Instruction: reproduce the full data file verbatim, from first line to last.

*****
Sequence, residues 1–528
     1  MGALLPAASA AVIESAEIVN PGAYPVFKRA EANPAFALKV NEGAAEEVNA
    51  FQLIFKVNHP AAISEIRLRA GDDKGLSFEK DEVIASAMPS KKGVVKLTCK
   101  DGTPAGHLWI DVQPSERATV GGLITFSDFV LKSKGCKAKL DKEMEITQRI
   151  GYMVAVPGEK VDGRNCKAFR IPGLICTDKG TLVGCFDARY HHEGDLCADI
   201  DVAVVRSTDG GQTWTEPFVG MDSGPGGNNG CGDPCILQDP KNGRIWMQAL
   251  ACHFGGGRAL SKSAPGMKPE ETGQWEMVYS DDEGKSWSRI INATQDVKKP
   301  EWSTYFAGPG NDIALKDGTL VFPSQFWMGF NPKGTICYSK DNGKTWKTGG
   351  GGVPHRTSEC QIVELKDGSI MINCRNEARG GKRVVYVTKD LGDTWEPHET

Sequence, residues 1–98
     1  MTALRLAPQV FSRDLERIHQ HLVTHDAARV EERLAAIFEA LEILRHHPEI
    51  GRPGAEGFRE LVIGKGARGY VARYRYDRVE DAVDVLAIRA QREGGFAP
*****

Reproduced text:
Sequence, residues 1–528
     1  MGALLPAASA AVIESAEIVN PGAYPVFKRA EANPAFALKV NEGAAEEVNA
    51  FQLIFKVNHP AAISEIRLRA GDDKGLSFEK DEVIASAMPS KKGVVKLTCK
   101  DGTPAGHLWI DVQPSERATV GGLITFSDFV LKSKGCKAKL DKEMEITQRI
   151  GYMVAVPGEK VDGRNCKAFR IPGLICTDKG TLVGCFDARY HHEGDLCADI
   201  DVAVVRSTDG GQTWTEPFVG MDSGPGGNNG CGDPCILQDP KNGRIWMQAL
   251  ACHFGGGRAL SKSAPGMKPE ETGQWEMVYS DDEGKSWSRI INATQDVKKP
   301  EWSTYFAGPG NDIALKDGTL VFPSQFWMGF NPKGTICYSK DNGKTWKTGG
   351  GGVPHRTSEC QIVELKDGSI MINCRNEARG GKRVVYVTKD LGDTWEPHET

Sequence, residues 1–98
     1  MTALRLAPQV FSRDLERIHQ HLVTHDAARV EERLAAIFEA LEILRHHPEI
    51  GRPGAEGFRE LVIGKGARGY VARYRYDRVE DAVDVLAIRA QREGGFAP